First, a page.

Beyond the San Diego Zoo: three Balboa Park museums you’ve overlooked

Over 20 museums and family attractions await kids at Balboa Park in San Diego, but I bet you’ve only heard of a few of them, the famous San Diego Zoo most likely one of them. While families need days to see them all (and hours to see some), the following three Balboa Park museums for kids you’ve overlooked include:

Museum of Man:

Museum of Man

Before touring the Museum of Man, I didn’t have a clear concept of what this museum contains. Since many families might feel the same, here’s my unofficial take: the Museum of Man is one part archeology museum and one part natural history museum. Plus, it has an excellent (though small) children’s section off the upper floor. This set of rooms have space with marketplaces and household items for kids to play in and dress up with.

museum of man

The main floor of the museum currently houses an exhibit on ancient Mayans, and upstairs is space for a primate exhibit, plus a wing on ancient Egypt, complete with mummies and naturally preserved remains (parents are warned at the door). A temporary exhibit space is across the street; at the time of my visit, it housed a fascinating–though not for kids–exhibit on the history of torture.

The museum is smaller than most, but what exhibits it does have are very well done.

Museum of Photographic Arts:

Sometimes, kids will rebel against a traditional art museum, but love photography galleries. If this might be the case with your children, consider a stop at the Museum of Photographic Arts. We loved that the manageable galleries showcased only a handful of photographers, and that each introduced the artist and his or her take on the subject. There’s a great social photography experiment with abandoned or discarded instant photo prints stretching across one wall, and at the time of our visit, a wonderful exhibit by San Diego’s kids showcased what youth in the city deem ‘their San Diego’. You can tour the museum in just about an hour.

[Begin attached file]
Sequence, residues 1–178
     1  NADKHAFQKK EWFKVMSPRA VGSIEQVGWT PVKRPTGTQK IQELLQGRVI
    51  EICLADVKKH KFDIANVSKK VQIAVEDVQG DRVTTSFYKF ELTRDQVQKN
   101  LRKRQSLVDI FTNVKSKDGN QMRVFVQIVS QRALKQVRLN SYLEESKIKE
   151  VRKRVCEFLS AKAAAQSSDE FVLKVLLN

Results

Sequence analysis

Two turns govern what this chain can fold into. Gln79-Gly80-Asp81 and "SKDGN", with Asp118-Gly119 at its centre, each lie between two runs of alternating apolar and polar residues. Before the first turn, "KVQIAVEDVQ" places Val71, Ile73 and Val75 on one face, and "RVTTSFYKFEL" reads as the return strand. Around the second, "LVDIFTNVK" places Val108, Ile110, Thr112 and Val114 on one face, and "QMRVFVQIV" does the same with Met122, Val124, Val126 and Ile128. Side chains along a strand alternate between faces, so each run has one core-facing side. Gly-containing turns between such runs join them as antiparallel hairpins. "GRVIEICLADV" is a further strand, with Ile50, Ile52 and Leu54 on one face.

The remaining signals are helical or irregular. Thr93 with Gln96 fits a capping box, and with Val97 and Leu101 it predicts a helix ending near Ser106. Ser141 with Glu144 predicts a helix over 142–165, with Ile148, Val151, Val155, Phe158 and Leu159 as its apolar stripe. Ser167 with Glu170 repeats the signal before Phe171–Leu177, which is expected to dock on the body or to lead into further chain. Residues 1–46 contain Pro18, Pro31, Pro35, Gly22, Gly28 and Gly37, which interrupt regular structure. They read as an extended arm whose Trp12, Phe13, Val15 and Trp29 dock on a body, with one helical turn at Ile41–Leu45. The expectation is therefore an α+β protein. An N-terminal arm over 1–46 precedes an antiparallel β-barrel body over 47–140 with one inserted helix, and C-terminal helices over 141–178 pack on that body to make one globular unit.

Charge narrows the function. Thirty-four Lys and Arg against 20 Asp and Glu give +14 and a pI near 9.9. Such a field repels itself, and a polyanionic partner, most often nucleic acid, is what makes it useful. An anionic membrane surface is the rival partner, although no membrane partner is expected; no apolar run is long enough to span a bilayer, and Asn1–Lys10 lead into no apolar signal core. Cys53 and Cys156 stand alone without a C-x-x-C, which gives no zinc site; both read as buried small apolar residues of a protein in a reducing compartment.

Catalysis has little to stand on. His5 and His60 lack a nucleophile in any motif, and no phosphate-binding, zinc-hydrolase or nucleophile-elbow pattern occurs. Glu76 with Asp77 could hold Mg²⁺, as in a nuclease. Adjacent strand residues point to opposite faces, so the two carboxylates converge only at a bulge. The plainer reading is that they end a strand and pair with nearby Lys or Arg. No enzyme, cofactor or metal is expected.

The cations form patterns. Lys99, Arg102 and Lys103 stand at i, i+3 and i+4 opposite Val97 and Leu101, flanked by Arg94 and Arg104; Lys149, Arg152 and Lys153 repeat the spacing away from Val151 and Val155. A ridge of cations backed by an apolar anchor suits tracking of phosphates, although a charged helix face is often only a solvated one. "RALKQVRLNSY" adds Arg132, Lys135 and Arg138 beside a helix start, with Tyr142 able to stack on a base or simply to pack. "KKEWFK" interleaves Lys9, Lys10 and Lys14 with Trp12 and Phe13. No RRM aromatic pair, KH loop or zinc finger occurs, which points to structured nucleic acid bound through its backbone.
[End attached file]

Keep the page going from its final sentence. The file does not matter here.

Museum of Art:

We love a museum with lots of family free days and art activities, and the San Diego Museum of Art has both. When you enter, look for the kids activity books just past the front desk; kids can go on a scavenger hunt around the museum, which makes their visit instantly more fun.

A kids’ art studio is located downstairs across from the stairwell, staffed most days by artists who help kids make creations of their own. Upstairs, collections of European and American art from realists to impressionists reign, with Baroque among the most prominent. Like the other museums on this list, the Museum of Art is not overwhelmingly large by any means, and can be toured by most families in under one hour.

If you have more time:

Botanical building

The San Diego Air and Space Museum is a solid pick for a half-day excursion, and the San Diego Natural History Museum is the place to be with animal-loving kids.

Have just a few extra minutes?

botanicals
A great place to head before catching a cab or trolley, or for a picnic lunch is the free Botanical Building and lily ponds. Located adjacent to the Museum of Art, this building is open to the Southern California air and a welcome escape from the bustle of the museums.

Getting around:
Park the car and forget about it! Once in the park, access everything via the free tram. Balboa Park’s tram system operates daily 8:30 am to 6 pm. The second stop is the Visitor’s Center, a good starting point to head out on foot.

How to get to Balboa Park:
Driving, park in Inspiration Point lot. As an alternative to hunting down parking, consider getting to the park via the Old Town Trolley tour. You’ll want to plan to spend the whole day hopping on and off this sightseeing trolley to get your money’s worth, but it’s time well-spent in parts of the city you’ll want to visit anyway.

About the author

Amy Whitley AUTHOR: Amy Whitley is the founding editor of Pit Stops for Kids and content editor of Trekaroo. She writes on staff monthly as a family travel expert at Go Green Travel Green and Practical Travel Gear, and contributes to Outdoors NW as an outdoor adventure traveler. Find Amy at Google.

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